Trophoblast giant cells are one of the primary endocrine cell types of the rodent placenta. Placental lactogen-I (PL-I) is the initial prolactin (PRL) family member expressed as trophoblast giant cells differentiate. In this report, we use the Rcho-1 trophoblast cell line as a model for studying the regulation of PL-I gene expression during trophoblast giant cell differentiation. Evidence is provided for trophoblast cell expression of epidermal growth factor receptor (EGFR), ErbB2, fibroblast growth factor receptor 1 (FGFR1), transforming growth factor-alpha, and heparin-binding EGF. EGF and FGF-2 stimulated PL-I mRNA and protein accumulation and PL-I promoter activity in a concentration-dependent manner. These latter growth factor actions on PL-I promoter activities were specifically inhibited by cotransfection with dominant negative constructs for EGFR and FGFRs respectively. Utilization of the mitogen-activated protein kinase (MAPK) pathway by EGF and FGF-2 in trophoblast cells was demonstrated by growth factor stimulation of a Gal4 DNA binding/Elk1 transactivational domain fusion construct, and more specifically by activation of extracellular signal regulated kinase and p38 MAPK. PL-I gene activation was also sensitive to disruption of MAPK and activation protein-1 (AP-1) signaling pathways. In conclusion, autocrine/paracrine pathways involving EGFR and FGFR1, MAPK and AP-1 are shown to participate in the regulation of the PL-I gene in differentiating trophoblast cells.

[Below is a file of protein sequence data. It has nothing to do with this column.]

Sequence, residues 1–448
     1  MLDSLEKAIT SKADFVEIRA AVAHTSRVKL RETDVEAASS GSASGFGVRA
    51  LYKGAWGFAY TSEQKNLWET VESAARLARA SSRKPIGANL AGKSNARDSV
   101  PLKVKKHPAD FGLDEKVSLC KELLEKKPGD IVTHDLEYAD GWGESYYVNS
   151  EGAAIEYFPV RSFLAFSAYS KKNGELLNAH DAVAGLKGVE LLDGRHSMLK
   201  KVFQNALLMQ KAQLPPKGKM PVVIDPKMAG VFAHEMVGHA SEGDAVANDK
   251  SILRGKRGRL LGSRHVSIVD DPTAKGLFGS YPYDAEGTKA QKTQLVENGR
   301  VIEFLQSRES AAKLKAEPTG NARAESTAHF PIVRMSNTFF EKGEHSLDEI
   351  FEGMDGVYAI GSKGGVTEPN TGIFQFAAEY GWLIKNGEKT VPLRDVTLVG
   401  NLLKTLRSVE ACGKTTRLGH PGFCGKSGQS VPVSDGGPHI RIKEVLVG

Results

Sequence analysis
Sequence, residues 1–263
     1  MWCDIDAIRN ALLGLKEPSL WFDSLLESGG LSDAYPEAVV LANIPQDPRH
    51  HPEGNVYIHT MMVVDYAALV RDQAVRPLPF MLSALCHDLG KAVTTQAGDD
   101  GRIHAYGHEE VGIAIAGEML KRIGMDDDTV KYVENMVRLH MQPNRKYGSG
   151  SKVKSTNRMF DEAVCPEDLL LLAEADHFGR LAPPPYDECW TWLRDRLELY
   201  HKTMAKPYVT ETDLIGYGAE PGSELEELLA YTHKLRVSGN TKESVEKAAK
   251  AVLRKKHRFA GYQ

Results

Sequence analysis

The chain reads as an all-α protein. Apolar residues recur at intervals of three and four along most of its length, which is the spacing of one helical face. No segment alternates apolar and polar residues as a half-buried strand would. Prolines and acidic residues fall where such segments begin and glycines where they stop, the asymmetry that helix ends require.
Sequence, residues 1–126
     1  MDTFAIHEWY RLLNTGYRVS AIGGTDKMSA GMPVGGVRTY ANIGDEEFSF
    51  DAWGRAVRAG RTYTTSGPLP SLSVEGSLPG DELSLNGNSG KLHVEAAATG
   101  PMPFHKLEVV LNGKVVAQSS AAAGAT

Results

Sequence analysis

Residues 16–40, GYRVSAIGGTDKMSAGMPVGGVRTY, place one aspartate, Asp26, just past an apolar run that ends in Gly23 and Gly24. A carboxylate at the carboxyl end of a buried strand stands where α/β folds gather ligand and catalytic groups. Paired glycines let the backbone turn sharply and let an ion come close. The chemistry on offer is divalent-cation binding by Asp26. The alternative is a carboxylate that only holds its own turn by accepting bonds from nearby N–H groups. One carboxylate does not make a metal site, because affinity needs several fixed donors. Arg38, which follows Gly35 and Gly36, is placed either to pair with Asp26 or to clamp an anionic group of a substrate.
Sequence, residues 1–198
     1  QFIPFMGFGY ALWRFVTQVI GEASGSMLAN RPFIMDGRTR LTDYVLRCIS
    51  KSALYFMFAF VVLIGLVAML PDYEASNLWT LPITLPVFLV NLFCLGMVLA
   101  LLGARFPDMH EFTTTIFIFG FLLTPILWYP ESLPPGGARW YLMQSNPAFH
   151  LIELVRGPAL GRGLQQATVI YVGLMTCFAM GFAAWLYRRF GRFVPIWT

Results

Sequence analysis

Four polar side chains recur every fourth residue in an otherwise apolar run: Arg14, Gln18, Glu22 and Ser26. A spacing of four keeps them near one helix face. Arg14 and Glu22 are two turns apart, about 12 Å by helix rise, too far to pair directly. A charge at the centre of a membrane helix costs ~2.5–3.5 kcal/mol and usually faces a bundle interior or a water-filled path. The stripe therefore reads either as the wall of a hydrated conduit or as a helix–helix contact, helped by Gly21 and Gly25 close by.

TJ Peters, BM Chapman, MW Wolfe and MJ Soares
DO Wiemers, R Ain, S Ohboshi and MJ Soares
Rodents possess an expanded prolactin (PRL) family of genes. These genes encode for a family of structurally related hormones/cytokines that are expressed most prominently in the anterior pituitary, uterus and placenta. In this study, we have identified a new member of the rat PRL family through a search of the National Center for Biotechnology Information expressed sequence database. The cDNA was sequenced and its corresponding mRNA characterized. On the basis of existing nomenclature, the rat cDNA was termed PRL-like protein-N (PLP-N). PLP-N has structural features indicative of its inclusion in the PRL family and is most closely related to PRL-like protein-F (PLP-F) and proliferin related protein (PLF-RP). A survey of PLP-N mRNA expression by Northern analysis indicated that PLP-N showed extensive expression in the metrial gland and minimal expression in the chorioallantoic placenta or other tIssues. Expression of PLP-N mRNA was restricted to migratory trophoblast cells. Junctional zone trophoblast cells isolated from day 13 of gestation placenta differentiated in vitro and exhibited a capacity for PLP-N expression. In summary, we have discovered a new member of the PRL family that is prominently expressed in migratory trophoblast cells residing in the metrial gland.